Understanding HIPAA breach penalties can be a problem for many providers. It can be a great challenge, in part, because of the myriad ways in which a breach can occur.
HIPAA created standards for protecting patient health information. It also established guidelines regarding with whom information can be shared.
As of today, the OCR has more than 500 open cases under investigation.
What is a HIPAA Breach?
The Enforcement Rules allowed litigation to be pursued against entities found in noncompliance of HIPAA standards. That litigation includes corrective-action plans and financial penalties for entities that fail to comply. To be clear, a HIPAA violation is one in which a covered entity or business associate fails to uphold provisions in one or more of the HIPAA Privacy, Security or Breach Notification Rules.
- Violations may be either deliberate or unintentional, but both are punishable offenses.
- Unintentional breaches occur when too much of a person’s protected health information (PHI) is disclosed beyond the minimum required.
- Deliberate violations are when a company or practice fails to report breaches to patients in a timely manner or fails to correct them.
Breaches most often are the result of negligence. That means that understanding the HIPAA Compliance Requirements and related breaches and how to avoid them has to include an understanding of risk assessment. To that end, company audits must be performed to determine HIPAA compliance.
As such, HIPAA breach penalties are strict and can have a significant impact on the financial wellness of an organization.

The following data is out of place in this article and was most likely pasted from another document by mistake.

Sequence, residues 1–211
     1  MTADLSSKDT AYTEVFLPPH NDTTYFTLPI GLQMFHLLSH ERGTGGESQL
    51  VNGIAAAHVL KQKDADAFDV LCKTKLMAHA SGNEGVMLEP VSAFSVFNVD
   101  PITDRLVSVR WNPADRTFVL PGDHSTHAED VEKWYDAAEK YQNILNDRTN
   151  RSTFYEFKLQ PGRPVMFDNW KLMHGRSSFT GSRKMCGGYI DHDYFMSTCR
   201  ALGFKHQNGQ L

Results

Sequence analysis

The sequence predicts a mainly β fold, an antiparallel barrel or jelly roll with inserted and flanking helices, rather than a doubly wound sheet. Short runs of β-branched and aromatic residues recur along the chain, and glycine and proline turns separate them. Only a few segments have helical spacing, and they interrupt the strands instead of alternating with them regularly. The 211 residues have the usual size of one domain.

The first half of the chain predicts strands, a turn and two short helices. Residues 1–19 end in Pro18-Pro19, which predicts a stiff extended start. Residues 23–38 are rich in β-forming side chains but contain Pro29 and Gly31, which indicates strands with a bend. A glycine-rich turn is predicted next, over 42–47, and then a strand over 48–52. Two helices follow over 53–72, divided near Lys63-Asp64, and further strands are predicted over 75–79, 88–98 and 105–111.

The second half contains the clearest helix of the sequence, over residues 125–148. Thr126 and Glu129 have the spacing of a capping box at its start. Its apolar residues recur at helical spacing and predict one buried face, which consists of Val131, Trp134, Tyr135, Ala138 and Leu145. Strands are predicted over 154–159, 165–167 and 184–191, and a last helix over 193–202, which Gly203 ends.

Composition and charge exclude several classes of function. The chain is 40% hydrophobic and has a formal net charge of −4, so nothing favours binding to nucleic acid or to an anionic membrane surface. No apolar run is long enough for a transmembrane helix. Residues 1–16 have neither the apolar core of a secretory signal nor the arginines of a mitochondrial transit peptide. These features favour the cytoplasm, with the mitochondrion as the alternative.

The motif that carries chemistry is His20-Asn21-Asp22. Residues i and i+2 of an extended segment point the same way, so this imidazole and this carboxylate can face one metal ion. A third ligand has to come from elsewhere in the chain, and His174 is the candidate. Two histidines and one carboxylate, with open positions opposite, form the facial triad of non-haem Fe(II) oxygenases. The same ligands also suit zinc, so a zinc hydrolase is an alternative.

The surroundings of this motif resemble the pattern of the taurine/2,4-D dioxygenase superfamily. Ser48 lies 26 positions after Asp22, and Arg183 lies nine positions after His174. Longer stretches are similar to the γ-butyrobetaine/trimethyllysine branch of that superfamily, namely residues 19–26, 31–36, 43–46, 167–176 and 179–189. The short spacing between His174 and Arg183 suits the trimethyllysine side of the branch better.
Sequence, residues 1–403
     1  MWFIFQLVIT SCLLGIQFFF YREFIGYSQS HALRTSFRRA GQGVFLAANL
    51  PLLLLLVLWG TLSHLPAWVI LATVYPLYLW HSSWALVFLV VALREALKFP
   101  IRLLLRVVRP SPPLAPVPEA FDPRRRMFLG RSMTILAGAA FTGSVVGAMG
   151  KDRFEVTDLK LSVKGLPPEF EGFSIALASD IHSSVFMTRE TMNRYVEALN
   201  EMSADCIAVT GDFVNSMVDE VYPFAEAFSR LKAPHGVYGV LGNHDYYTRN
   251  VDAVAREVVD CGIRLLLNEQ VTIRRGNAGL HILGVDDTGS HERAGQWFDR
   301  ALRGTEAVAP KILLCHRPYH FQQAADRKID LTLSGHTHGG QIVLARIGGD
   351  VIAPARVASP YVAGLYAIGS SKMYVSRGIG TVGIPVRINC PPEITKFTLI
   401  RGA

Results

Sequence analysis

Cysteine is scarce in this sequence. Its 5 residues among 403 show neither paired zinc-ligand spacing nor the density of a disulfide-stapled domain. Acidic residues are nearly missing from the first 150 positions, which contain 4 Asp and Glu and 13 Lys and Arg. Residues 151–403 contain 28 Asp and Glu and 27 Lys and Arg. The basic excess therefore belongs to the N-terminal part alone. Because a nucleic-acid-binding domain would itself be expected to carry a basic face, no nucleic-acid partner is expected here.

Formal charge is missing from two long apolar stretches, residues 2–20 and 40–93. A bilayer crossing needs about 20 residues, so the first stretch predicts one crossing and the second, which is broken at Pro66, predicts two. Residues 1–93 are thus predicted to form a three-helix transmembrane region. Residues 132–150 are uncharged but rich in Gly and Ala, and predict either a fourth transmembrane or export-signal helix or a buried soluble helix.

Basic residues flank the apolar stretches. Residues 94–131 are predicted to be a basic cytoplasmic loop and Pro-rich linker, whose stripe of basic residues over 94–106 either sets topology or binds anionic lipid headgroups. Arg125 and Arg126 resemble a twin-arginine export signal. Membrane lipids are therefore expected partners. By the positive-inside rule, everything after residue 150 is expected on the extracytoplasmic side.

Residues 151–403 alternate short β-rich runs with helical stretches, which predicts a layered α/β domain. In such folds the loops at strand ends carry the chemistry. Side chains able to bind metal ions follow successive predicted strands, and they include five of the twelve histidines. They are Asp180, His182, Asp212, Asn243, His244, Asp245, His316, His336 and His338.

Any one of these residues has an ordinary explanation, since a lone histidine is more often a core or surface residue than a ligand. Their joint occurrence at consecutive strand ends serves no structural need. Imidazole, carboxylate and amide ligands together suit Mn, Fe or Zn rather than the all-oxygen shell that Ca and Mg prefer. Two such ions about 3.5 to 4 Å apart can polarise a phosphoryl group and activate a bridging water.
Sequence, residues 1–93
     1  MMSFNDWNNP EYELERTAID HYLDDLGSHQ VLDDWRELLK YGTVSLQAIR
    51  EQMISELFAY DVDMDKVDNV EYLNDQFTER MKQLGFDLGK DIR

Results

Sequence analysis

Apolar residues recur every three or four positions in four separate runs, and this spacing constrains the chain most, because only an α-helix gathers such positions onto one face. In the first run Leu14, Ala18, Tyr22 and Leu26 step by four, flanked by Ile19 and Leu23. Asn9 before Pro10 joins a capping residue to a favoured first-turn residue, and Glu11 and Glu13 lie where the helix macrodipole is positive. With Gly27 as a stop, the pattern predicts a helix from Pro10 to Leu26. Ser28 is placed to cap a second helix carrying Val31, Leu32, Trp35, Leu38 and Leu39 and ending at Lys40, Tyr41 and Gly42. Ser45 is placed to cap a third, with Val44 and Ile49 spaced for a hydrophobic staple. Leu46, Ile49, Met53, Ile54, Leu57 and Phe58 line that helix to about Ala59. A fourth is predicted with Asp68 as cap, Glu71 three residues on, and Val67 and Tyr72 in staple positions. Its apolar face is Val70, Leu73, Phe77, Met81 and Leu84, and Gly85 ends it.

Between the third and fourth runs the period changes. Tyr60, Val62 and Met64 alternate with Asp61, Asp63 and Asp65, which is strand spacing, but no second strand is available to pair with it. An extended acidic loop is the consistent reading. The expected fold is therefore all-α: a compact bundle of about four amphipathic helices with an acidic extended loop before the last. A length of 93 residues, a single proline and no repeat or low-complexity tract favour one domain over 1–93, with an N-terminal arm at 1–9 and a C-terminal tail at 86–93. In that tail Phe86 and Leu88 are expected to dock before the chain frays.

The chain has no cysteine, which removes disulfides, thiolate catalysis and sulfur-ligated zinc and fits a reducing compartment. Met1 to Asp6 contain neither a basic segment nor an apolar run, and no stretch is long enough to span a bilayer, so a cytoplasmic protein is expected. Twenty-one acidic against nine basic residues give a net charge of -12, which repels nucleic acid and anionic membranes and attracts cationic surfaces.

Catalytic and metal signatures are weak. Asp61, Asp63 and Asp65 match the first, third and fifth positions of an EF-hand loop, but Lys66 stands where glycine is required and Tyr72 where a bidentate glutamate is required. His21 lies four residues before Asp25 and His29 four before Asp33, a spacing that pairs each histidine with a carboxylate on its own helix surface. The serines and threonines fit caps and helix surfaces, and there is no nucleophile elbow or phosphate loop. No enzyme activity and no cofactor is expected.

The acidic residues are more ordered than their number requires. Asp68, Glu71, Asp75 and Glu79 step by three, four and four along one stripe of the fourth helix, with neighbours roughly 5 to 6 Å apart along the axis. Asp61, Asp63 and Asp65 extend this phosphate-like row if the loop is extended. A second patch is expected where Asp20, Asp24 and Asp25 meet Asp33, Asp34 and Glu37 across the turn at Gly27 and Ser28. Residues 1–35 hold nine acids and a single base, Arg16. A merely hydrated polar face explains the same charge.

Violations, Enforcement and Breach Penalties
If your company or organization has violated any part of HIPAA, several things are going to happen. What You Don’t Know Can Cost You! Enforcement of the privacy and security rules falls to the U.S. Department of Health and Human Services (HHS) Office for Civil Rights (OCR). The OCR achieves enforcement in three ways:
- Conducting compliance reviews (notified and surprise)
- Education and outreach to encourage compliance with rule requirements
- Investigating complaints
In cases in which the OCR determines that either a HIPAA breach or noncompliance has occurred, an offending entity may seek resolution through voluntary compliance, corrective action or an entity-specific resolution agreement. HIPAA breach penalties may be criminal or civil.
The OCR generally refers those cases to the Department of Justice (DOJ) for litigation and corrective action. Fines for noncompliance are based on the level of perceived negligence of the organization at the time of the violation, and citations are issued per violation, each requiring either civil or criminal litigation.